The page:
Exit strategies for Covid-19

Marcos Lopez de Prado, the financial mathematician whom we have mentioned several times before in this venue (see, for example, Marcos Lopez de Prado testifies before U.S. Congress), has co-written an article entitled Exit Strategies for COVID-19: An Application of the K-SEIR Model. The article, actually a 52-page presentation file, is co-authored by Lopez de Prado (Cornell University) and Alexander Lipton (Hebrew University of Jerusalem and MIT).

In this presentation, the authors argue that universal lockdowns are blunt tools that should be employed only for brief periods of time. They then present a new mathematical model (K-SIER), which permits one to simulate the outcomes of lockdowns and evaluate a variety of exit strategies, balancing the needs of saving lives, protecting the vulnerable and preventing the exhaustion of medical supplies and personnel.

Here is the Abstract:

Six weeks after becoming a pandemic, COVID-19 has caused over 150,000 deaths across 210 countries. Governments around the world have instituted universal lockdowns to curve the spread of this serious disease. While it is obvious that extended universal lockdowns have saved lives that otherwise would have been lost to COVID-19, they have also caused historical losses of livelihoods. Universal lockdowns are particularly detrimental to minorities and the working class, who have suffered the greatest job loss since the Great Depression. In some countries, unemployment carries the loss of access to health services, which is the opposite of what lockdowns intended to achieve. Hundreds of millions of citizens worldwide will endure the effects of universal lockdowns for years to come.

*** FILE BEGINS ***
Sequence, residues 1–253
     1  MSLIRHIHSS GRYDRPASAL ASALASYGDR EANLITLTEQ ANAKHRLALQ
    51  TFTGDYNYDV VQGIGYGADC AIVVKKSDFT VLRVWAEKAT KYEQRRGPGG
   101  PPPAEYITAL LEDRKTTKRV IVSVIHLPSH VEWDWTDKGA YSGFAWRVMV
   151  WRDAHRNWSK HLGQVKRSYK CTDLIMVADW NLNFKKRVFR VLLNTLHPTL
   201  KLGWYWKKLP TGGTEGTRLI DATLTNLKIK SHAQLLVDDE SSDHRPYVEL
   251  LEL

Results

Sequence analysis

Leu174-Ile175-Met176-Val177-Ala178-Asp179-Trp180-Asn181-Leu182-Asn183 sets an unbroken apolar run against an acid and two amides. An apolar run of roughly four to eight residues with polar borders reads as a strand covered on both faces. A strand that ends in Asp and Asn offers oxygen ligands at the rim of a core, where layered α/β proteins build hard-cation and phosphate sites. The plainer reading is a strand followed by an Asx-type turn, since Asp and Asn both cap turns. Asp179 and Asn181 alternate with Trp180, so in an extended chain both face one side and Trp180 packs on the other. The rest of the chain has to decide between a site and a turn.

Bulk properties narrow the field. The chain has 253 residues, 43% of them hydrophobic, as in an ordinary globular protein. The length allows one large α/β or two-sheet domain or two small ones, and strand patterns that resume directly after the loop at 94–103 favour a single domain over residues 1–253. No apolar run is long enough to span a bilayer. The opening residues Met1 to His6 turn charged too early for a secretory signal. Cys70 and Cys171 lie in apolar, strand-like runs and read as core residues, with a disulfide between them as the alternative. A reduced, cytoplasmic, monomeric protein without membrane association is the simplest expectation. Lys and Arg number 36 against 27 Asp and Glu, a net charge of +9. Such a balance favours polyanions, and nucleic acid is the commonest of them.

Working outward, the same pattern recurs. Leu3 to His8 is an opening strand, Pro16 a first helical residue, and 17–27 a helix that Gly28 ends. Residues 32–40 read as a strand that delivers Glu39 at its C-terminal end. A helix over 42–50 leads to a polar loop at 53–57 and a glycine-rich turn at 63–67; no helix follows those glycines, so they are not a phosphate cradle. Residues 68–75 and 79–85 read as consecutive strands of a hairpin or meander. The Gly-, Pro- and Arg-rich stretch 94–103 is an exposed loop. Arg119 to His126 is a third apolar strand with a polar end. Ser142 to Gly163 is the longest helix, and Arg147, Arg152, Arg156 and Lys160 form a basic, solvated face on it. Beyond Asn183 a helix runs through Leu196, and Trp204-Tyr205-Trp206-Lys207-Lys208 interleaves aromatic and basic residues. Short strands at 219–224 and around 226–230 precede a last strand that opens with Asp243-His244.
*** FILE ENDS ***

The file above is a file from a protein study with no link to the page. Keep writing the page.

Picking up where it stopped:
Universal lockdowns are a blunt tool that should be used tactically, for brief periods of time. In this study, we introduce a new mathematical model (called K-SEIR) to simulate the outcomes of lockdowns, and help evaluate various exit strategies. We demonstrate that targeted lockdowns can achieve better outcomes than universal lockdowns, in terms of (1) saving lives, (2) protecting the most vulnerable in society (the elderly, the poor), and (3) preventing the depletion of medical resources.

There is not one solution that fits all. National governments must device tailored targeted lockdowns, based on their particular circumstances. We hope that the K-SEIR model will help governments learn from the mistakes of the COVID-19 crisis management, and help prepare society for COVID-20.

For full details, see the full text of the presentation, which is available here: Exit Strategies for COVID-19: An Application of the K-SEIR Model.

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